This Guest Room column is in response to the Guest Room column “Gone With Greek Life, for Good.”
I came to Cornell with no intention of joining Greek life. The majority of my high school class went on to universities that seemed more focus on football and frat parties than education. I heard countless stories about Greek life that I wanted no part in.
After spending my first semester here I began to think, “Who am I to assert generalized preconceived notions on a group of thousands of people?” Is that not exactly why I claimed to despise the system?
I decided to go through the recruitment process before I placed any overarching judgment on the entire Cornell Greek community. Blocking out any commentary about reputations or tier-systems, I went through the process and actually found homes in which, to my surprise, I met other proud people of color, and homes where I met other LGBT students who felt accepted by their sisters.
When I received my bid, I made a promise to myself. If I was going to accept my letters and the history that came with them, I would dedicate my time in sorority life to help reform the Greek system for the better.
I knew I was joining a broken system which has a history of exclusive practices, and still carried on those practices to some extent. I did not join my sorority content with the current state of the entire Greek system. I joined with the motivation to change the institutional discrimination. I ultimately decided that this would be a more effective method of promoting diversity, than dismissing every member of the community as a bigoted elitist.
Believe it or not, there is another organization, in which we are all a part of, that also has a parallel history to that of our Greek community. It’s called the United States.
I wear my letters as proudly as I would hold an American flag. I am appreciative of the community and the opportunity that the association provides for me, but I am not blind to the history and the current necessity for change.
Greek life serves so many purposes within our University. Cornell is a massive institution that can be incredibly overwhelming for any student, unlike other schools of about a few thousand students in which Greek life has been banned. Williams has a population of 2,000 students, Colby has 1,879 students, Middlebury has 2,532 students and Bowdoin has 1,816 students, but Cornell has a student population of 21,904.
To put that into perspective, Cornell’s student population can fit the combined populations 0f Williams, Colby, Middlebury and Bowdoin almost three times over.
On top of being a great outlet for public service, my sorority is a home for me. Unlike other types of organizations on campus, fraternities and sororities are not centered around one interest, one major or one belief-system. Rather, it is a place where students who might have otherwise never crossed paths can build lifelong friendships.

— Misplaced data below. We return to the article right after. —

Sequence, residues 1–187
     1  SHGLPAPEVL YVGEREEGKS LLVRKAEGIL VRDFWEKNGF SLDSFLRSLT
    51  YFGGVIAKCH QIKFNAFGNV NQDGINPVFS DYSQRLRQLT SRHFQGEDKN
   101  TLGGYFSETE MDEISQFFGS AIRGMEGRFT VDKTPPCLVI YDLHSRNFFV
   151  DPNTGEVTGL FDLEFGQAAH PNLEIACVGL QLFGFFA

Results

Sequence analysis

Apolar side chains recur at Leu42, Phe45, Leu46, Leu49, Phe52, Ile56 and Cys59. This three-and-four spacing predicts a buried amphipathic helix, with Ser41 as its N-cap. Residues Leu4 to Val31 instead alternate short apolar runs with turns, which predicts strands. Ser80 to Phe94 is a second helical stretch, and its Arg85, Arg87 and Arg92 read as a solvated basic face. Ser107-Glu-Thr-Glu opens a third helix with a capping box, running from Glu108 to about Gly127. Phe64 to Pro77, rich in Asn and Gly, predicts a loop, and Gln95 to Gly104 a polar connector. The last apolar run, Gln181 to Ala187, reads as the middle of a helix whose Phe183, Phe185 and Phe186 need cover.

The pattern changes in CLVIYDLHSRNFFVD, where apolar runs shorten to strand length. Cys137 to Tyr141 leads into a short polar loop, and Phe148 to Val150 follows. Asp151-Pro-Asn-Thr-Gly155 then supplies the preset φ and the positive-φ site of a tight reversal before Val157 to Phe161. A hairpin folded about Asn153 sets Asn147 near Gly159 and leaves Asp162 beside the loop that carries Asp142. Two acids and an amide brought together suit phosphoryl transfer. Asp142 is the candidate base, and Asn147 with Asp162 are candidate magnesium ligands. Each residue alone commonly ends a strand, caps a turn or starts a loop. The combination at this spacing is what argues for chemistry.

The fact of the matter is that issues like racism and heteronormativity are not a product of the system, they are a product of society, they are a product of the state of or nation. Ending Greek life will not end discrimination; it will not stop classism, racism, homophobia or sexism. However, the Greek community of Cornell can serve as a starting point for reform policies to become more inclusive.
We have to permanently remove houses that practice discriminatory selection processes and cruel hazing rituals. We need to permanently remove the individuals who spew hate speech and assault others. These are rules that should be followed with absolutely no lenience. We are still here witnessing these incidences over and over again because zero-tolerance policies are not being enforced.
I am a member of the Greek community, but I refuse to be complicit in the exclusionary practices and discriminatory actions of others within my community. In the community, I have met a diverse array of passionate students and I hope through efforts to change the system rather than dismantle it, this community can evolve to become a more diverse and inclusive space for students that might have never met otherwise.
The administration needs to stop brushing these incidents under the rug. Instead, We all need to acknowledge the history and address the problems. We need to hear university administrators and Greek leadership say, yes this has happened, this is our problem, and now this is what we are doing to fix it.
As a first-generation American, I have similar sentiments towards my American citizenship as I do my Greek affiliation. I am ashamed of the hateful incidents that have occured. I may be disappointed by the leadership that has been chosen. I do not agree with every decision of every member of the Greek community just like I do not agree with every decision of every resident of our country. However, I am still here, and I am not giving up on our future. I am trying to help shape it.
I will be honest, I have considered leaving because I am so horrified by the detestable actions of others. Sometimes I wonder if enough reform can be accomplished to change the current campus climate. I am holding on in hopes that the leadership of the University and the community can come together to not only stop Greek life from being harmful, but also make it helpful in promoting inclusion. I look at my letters and I am reminded of words my parents always tell me about my citizenship, “This is an opportunity, it is not perfect, but be grateful and if you see something broken, fix it yourself.”
Correction: This column originally stated that the undergraduate student population is 21,904, which is, in fact, the total student population, including graduate and professional students.
Lissie Elorza is a sophomore in the College of Arts and Sciences and a member of Kappa Delta Sorority. Comments can be sent to email@example.com. Guest Room runs periodically.